A feature rich package for Ivy Bridge.
When it comes to enthusiast motherboards, you’d be hard pressed to find any series as popular or as feature filled as ASUS’ Republic of Gamers. If you pick up an ROG motherboard, rest assured that you’ll be getting the highest-end components and a plethora of accessories packed inside the big red box. Today I’ll be looking at the Maximus V Formula/ ThunderFX motherboard, and true to heritage, there’s tons of stuff packed inside the box, besides an incredible motherboard.
The first thing you’ll notice once you open up the flaps on the box is the Diablo III branded mousepad inside. This isn’t just some random mousepad with Diablo III printed on top either, but the Steelseries QcK mini Diablo III surface. The rubber base sticks well to any table top, and the cloth surface is exceptionally well designed for my Razer Naga mouse to literally glide on it.
Once you open the box completely you’re greeted with a plethora of accessories. Apart from the manuals and driver CD, we have the rear I/O panel, a sticker sheet to label all the myriad cables inside your case, an ROG logo badge and door placard.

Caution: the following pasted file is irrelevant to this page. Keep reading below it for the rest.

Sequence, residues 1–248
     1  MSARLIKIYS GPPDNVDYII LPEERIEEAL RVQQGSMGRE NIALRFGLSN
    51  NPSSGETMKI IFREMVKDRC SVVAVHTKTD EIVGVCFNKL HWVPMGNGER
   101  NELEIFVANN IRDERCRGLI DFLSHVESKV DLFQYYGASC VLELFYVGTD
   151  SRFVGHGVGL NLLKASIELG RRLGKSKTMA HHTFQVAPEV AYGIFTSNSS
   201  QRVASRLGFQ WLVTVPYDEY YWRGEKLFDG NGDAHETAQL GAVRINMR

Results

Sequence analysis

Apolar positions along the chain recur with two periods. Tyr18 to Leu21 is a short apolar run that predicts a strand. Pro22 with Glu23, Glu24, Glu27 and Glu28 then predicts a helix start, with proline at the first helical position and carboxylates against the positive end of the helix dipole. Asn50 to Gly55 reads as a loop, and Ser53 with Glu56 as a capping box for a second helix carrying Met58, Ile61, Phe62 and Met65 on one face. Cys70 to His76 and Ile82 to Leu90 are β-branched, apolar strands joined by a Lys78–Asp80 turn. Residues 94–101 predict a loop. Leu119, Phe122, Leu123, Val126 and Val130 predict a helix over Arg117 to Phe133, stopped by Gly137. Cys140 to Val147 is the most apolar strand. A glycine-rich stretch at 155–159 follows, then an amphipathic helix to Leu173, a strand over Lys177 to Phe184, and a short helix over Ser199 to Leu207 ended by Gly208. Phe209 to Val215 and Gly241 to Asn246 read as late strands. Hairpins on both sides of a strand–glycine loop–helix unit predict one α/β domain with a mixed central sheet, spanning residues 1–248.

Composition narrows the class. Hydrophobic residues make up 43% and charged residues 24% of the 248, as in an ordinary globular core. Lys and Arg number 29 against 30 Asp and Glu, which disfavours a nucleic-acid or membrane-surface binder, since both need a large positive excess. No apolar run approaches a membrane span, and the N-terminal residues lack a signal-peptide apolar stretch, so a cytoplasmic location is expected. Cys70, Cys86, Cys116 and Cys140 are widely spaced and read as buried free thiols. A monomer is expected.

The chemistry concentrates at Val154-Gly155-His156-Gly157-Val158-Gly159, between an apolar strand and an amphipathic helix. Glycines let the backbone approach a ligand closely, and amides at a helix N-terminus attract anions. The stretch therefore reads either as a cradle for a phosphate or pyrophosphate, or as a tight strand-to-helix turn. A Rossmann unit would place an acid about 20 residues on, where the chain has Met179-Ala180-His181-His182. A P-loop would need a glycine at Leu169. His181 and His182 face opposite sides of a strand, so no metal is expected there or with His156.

Following on we see the Q-Connector pins, ROG Connect cable, an SLI bridge and 6x SATA cables. You’ll notice two WiFi antennae and two cables to connect the antennae to the Bluetooth & WiFi module.
Last but not least is the ThunderFX external soundcard which comes with a 3.5mm connector cable and as well as USB cable to hook it up to the motherboard. One of the cool things about the ThunderFX soundcard is that it can accept input from the Xbox 360, including the mic input as well. In turn you can hook up a pair of really powerful headphones because the ThunderFX card has amplification up to 300 ohms. Another cool feature is the built-in hardware level audio preset (three in total) customized for different environments.
In my opinion the onboard SupremeFX soundcard on the Maximus V Formula is more the enough to handle every situation for your current headphones. The only way I can see someone using the ThunderFX is if they have a really powerful set of headphones that would require an amplifier anyways, or if you play your Xbox 360 (or PS3) on your PC monitor anyways, and would like to consolidate all the cables and connectivity options in one place.